The biggest problem with horror theatre is a lack of new writing and grassroot productions. There are plenty of Victorian ghost stories and adaptations from books (and even films) but it is quite rare to see a horror production written primarily for the stage. The Woman in Black based on the book of the same name has long held a “spooky” dominance in in London’s West End although it is certainly starting to feel tired it highlights what can be done on a minimal budget with some well times door slams. Only last year a play based on the film The Exorcist arrived in theatreland and was widely considered a dismal failure, struggling to sell seats and acquiring critical disdain. What seems to be missing is an investment in brand new horror writing. Danse Macabre is clearly seeking to change that and if this first installment is anything to go by we can expect more original productions.
Surprisingly horror’s natural counterpart is humour (as long as people are not laughing at the wrong bits). Film-makers in particular have blurred the lines into a brand new genre of horror-comedy ranging from Sharknado to Shaun of the Dead. The idea of a black comedy is not exactly new and while it is popular in fringe theatre very little has made it into traditional theatrical form taking up some of the country’s most prominent theatre spaces. Immersive tour-style experiences such as The Dungeons combine the two and there is clearly a nationwide appetite for a more lighthearted branch of horror that doesn’t fit the age-old conception. In film the recent hit of Get Out has highlighted that horror is by no means a static genre and risk taking can lead to commercial and critical success. Numerous theatre productions have claimed themselves to be the “scariest ever seen” but horror as a genre is capable of so much more than simply scaring you as something like Get Out was able to demonstrate. As we are told at the beginning of Nightmares Danse Macabre plan to distort our realities and challenge what we believe to be real. In a few very meta moments our comperes remind us that they are not who they say they are, but rather two actors taking on those roles, yet we took it without question when we are told their names.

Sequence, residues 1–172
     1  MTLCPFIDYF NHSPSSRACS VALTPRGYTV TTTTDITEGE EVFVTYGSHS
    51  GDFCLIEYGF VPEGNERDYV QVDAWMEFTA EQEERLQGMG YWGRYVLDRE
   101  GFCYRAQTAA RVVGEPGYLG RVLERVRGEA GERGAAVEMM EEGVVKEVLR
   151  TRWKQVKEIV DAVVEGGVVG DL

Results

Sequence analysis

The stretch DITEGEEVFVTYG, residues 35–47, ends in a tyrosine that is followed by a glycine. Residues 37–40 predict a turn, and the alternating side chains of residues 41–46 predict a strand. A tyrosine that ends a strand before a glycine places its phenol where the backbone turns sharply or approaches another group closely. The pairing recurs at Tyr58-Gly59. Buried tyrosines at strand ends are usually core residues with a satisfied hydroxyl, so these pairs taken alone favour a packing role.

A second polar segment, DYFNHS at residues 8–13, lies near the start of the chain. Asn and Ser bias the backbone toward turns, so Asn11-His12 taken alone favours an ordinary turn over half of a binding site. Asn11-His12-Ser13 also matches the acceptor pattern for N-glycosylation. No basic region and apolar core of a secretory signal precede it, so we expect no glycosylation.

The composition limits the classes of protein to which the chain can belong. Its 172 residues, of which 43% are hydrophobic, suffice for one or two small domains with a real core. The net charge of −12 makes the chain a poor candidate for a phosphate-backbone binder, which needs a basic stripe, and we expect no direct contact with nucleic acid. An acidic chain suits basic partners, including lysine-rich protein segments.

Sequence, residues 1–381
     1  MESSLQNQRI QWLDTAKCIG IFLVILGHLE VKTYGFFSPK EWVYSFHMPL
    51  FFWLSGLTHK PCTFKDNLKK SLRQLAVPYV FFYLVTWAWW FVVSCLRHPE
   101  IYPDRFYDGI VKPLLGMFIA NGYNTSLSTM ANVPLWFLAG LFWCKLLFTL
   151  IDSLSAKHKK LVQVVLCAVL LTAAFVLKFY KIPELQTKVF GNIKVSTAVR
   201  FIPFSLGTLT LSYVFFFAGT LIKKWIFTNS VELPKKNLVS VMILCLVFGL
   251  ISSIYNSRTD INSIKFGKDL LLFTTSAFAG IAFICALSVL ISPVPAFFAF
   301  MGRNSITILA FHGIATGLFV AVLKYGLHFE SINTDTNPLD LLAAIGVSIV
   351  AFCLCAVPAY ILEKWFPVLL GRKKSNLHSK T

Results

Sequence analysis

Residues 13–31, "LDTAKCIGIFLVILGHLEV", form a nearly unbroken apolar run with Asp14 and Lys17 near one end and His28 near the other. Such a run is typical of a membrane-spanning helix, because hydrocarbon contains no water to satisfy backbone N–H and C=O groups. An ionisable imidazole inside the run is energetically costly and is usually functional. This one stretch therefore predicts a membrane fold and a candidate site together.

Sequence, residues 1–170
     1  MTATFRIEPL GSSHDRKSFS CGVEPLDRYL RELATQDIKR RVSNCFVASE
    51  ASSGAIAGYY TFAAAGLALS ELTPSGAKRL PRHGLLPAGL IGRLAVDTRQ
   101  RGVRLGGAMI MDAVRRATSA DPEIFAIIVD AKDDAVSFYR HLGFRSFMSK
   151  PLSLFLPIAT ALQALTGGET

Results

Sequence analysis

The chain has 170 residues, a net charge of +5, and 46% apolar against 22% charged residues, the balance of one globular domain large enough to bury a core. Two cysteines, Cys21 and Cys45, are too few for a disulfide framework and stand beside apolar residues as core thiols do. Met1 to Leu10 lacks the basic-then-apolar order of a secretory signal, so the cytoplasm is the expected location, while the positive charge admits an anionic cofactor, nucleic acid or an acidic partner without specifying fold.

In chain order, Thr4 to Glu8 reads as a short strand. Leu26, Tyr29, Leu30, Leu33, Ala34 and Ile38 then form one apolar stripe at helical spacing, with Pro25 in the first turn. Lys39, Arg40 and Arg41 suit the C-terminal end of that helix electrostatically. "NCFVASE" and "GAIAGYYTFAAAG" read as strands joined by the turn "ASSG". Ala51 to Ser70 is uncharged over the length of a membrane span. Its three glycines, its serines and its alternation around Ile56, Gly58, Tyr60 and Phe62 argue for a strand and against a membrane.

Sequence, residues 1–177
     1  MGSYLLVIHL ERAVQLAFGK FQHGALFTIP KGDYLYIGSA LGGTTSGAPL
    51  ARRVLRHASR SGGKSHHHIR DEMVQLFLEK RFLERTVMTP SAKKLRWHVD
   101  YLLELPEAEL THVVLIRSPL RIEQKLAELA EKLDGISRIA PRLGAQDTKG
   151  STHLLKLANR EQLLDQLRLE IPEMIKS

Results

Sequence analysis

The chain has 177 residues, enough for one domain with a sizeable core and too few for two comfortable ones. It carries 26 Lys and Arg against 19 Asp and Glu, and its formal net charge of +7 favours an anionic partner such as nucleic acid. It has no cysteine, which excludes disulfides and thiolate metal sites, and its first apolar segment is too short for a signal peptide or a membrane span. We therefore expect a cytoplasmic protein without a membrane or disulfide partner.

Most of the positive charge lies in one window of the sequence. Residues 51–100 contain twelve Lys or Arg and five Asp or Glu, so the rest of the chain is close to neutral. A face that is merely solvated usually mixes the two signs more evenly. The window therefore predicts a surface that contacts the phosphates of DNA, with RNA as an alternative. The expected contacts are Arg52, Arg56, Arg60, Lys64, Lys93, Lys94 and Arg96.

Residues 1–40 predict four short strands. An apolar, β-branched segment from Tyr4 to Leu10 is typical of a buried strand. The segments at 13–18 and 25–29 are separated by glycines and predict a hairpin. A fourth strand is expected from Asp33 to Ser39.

It seems evident that only the bravest of theatre companies can perform horror and braver still to write and develop their own. What the theatre landscape is missing at the moment are more homegrown companies like Danse Macabre who are willing to try something new with a beautiful simplicity. Horror doesn’t need to be big budget or be dripping in gore to leave an audience with a deep sense of unease.
Nightmares in Progress was performed on 29 January at The Old Red Lion Theatre. You can find out more about the company and their upcoming productions here.